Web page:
I remember my dad once told me to take my last name with pride. Did I listen? Of course not! For 17 years of my life, I was safe and surrounded by a Filipino enclave outside of my immediate household in Vallejo, California. The Filipino Community of Vallejo is resilient, strong, and proud.
After school, members from UC Davis BRIDGE Pilipinx Outreach & Retention would make the hour-long journey to Vallejo just to support the students at my underserved high school. They offered their resources and time to teach us about civic engagement, college admissions, the higher education experience, and about our culture. Beyond the classroom, UC Davis and UC Berkeley Pilipinx Academic Student Services hosted conferences for students like me to understand what it means to be Filipino, and what it means to hold that identity while in higher education. At the moment, I never really understood the impact of all the resources offered to me. There were and are so many people I look up to as mentors, ates, kuyas, aunties, and uncles back home. But with a huge Filipino population, did I really need to care about my community and our empowerment?
September 2017, I left the “City of Opportunity” for the “Emerald City.” Moving into my freshman dorm at Seattle University, I had an uncomfortable feeling. I suddenly went from being the majority to becoming a small statistic that the university uses to promote diversity. I remember being in my first college classroom. Everyone said their names. In a sea of last names modeled after the Roman alphabet, I felt ashamed to say my last name, Bañez. After this experience, I remember the gut-wrenching feeling of not belonging on my college campus. Is this how the kuyas and ates from the nearby universities in the Bay Area felt on their campus? Is this why they came to my community? Everything was starting to come together.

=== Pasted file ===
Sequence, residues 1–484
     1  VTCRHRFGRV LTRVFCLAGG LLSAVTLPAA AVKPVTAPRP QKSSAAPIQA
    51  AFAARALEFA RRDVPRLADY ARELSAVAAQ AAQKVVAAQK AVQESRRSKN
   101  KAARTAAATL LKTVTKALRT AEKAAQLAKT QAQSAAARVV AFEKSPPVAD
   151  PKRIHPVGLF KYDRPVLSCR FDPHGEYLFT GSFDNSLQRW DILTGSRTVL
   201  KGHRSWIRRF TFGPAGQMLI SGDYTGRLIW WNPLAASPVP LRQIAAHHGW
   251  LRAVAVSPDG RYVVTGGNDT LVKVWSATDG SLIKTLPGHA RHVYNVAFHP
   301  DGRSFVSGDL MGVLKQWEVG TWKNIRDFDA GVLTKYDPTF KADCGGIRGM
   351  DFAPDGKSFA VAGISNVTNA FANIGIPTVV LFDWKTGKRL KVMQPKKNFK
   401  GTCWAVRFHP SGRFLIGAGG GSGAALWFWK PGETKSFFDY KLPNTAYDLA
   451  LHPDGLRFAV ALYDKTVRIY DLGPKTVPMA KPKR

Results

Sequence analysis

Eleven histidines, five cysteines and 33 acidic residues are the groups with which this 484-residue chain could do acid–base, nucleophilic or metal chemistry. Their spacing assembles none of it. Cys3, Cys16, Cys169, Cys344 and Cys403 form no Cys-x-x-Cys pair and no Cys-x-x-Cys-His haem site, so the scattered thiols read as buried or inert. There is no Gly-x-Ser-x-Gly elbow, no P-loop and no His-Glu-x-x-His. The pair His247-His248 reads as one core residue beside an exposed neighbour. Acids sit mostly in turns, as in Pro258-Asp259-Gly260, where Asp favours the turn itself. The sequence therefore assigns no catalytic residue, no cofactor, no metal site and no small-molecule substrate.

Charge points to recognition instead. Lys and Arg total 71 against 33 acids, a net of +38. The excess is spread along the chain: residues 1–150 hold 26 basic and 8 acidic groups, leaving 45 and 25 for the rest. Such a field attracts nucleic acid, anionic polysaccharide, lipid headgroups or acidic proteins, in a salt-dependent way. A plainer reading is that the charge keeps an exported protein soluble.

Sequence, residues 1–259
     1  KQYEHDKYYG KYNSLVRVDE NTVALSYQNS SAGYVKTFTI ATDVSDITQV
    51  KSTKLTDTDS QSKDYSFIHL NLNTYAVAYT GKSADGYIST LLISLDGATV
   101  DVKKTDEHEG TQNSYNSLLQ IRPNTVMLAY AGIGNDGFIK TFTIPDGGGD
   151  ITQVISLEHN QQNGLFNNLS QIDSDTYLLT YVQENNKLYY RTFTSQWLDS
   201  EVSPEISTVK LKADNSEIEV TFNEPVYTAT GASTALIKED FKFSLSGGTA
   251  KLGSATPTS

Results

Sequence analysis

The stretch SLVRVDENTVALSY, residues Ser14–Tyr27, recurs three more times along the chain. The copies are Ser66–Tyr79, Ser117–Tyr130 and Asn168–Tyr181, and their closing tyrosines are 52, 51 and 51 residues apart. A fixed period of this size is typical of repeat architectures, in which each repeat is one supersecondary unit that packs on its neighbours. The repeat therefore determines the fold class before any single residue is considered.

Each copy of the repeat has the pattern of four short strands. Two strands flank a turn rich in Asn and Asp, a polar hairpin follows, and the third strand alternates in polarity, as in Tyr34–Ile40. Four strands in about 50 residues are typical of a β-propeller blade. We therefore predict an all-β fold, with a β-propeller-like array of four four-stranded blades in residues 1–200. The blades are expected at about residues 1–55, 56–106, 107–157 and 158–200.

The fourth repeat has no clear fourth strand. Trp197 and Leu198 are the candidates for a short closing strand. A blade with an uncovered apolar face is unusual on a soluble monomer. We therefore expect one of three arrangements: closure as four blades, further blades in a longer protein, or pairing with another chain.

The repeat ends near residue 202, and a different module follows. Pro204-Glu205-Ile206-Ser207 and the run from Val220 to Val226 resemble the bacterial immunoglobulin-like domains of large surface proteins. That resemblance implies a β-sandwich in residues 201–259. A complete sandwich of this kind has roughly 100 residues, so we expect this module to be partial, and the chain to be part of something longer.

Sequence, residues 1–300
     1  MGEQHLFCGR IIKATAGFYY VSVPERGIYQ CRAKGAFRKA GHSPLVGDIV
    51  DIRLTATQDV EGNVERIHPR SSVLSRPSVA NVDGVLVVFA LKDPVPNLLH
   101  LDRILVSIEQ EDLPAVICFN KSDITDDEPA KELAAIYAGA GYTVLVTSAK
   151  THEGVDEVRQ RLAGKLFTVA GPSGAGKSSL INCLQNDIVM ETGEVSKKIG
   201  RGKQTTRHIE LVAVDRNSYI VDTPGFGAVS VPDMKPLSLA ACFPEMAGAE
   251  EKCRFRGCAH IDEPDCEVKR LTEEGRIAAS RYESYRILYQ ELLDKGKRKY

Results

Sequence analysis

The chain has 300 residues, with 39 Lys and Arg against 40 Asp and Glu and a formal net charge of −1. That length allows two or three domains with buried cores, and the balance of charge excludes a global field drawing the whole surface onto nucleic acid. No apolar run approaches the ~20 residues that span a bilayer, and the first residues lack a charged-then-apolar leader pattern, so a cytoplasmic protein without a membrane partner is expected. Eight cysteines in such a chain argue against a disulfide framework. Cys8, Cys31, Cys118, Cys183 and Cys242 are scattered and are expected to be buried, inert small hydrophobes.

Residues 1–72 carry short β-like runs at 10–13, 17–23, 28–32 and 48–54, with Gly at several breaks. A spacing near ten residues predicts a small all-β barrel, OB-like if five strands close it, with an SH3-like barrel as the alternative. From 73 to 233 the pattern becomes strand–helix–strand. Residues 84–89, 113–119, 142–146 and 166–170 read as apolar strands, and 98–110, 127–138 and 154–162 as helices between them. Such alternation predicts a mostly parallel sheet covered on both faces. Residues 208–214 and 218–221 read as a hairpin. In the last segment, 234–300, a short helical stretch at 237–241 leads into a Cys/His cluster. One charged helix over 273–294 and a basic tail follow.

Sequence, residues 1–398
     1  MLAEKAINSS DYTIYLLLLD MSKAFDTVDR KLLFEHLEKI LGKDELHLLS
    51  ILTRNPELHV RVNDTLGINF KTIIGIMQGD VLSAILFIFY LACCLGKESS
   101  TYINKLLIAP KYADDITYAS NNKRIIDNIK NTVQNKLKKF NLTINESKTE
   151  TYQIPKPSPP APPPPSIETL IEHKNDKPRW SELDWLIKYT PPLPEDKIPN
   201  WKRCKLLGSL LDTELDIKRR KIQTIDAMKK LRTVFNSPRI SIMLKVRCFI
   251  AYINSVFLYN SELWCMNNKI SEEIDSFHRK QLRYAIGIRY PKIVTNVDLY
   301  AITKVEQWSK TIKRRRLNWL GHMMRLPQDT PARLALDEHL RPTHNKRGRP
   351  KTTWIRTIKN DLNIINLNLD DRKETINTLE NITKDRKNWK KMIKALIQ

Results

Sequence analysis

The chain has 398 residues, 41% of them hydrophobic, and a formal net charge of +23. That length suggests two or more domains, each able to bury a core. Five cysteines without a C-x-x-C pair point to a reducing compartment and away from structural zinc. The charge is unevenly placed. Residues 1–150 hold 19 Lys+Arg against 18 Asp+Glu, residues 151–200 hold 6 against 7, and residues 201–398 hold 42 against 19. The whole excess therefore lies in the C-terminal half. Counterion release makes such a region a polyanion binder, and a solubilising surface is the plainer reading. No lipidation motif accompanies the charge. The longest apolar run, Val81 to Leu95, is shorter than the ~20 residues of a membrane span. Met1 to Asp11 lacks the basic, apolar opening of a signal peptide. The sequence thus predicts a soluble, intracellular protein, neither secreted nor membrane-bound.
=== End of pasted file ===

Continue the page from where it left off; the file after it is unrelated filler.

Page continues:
During my first year, I became an officer for my college Filipino organization, I remember making it an effort to start a high school outreach conference or a system to support the students of the Puget Sound. Did it happen? Of course not. I did not have enough resources to make this happen. I did not know what the first step was. I did not know how to empower myself. Throughout my time on board, I did not feel content. I felt disappointed in myself for not trying hard enough to make it happen. Simultaneously, I became an officer for the Northwest Filipino American Student Alliance and I began to meet more community members, Filipino folks on campus, across the city, in Washington, and in the Pacific Northwest. I was beginning to learn that in order to survive in my new environment, I have to try harder to be seen, to be heard, and to be respected by my peers. There was something special I learned throughout my experience in the Northwest, and that was community organizing. Learning to come together to progress the visibility of our community and preserve as well as educate the public on who we are. Every single person I met was strong and resilient with a story to tell of how they transcend our culture and adversities into their everyday life and empowerment. These stories and experiences inspired me to make a difference in the community.